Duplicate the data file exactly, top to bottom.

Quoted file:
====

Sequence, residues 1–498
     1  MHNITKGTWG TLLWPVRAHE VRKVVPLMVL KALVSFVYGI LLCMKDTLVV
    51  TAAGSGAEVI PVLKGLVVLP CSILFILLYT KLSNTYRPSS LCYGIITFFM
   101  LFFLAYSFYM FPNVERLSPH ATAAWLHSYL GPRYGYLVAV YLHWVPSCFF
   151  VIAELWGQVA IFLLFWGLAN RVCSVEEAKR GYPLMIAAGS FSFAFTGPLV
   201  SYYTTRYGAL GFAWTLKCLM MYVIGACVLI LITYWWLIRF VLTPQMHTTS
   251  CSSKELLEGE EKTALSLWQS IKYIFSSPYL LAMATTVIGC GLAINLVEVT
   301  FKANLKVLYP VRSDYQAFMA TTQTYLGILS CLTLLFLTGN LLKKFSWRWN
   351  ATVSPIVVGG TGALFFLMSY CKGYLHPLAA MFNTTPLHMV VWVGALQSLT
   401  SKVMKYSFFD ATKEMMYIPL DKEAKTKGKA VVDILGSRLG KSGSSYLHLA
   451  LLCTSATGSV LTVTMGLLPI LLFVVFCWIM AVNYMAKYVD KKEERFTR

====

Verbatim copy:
Sequence, residues 1–498
     1  MHNITKGTWG TLLWPVRAHE VRKVVPLMVL KALVSFVYGI LLCMKDTLVV
    51  TAAGSGAEVI PVLKGLVVLP CSILFILLYT KLSNTYRPSS LCYGIITFFM
   101  LFFLAYSFYM FPNVERLSPH ATAAWLHSYL GPRYGYLVAV YLHWVPSCFF
   151  VIAELWGQVA IFLLFWGLAN RVCSVEEAKR GYPLMIAAGS FSFAFTGPLV
   201  SYYTTRYGAL GFAWTLKCLM MYVIGACVLI LITYWWLIRF VLTPQMHTTS
   251  CSSKELLEGE EKTALSLWQS IKYIFSSPYL LAMATTVIGC GLAINLVEVT
   301  FKANLKVLYP VRSDYQAFMA TTQTYLGILS CLTLLFLTGN LLKKFSWRWN
   351  ATVSPIVVGG TGALFFLMSY CKGYLHPLAA MFNTTPLHMV VWVGALQSLT
   401  SKVMKYSFFD ATKEMMYIPL DKEAKTKGKA VVDILGSRLG KSGSSYLHLA
   451  LLCTSATGSV LTVTMGLLPI LLFVVFCWIM AVNYMAKYVD KKEERFTR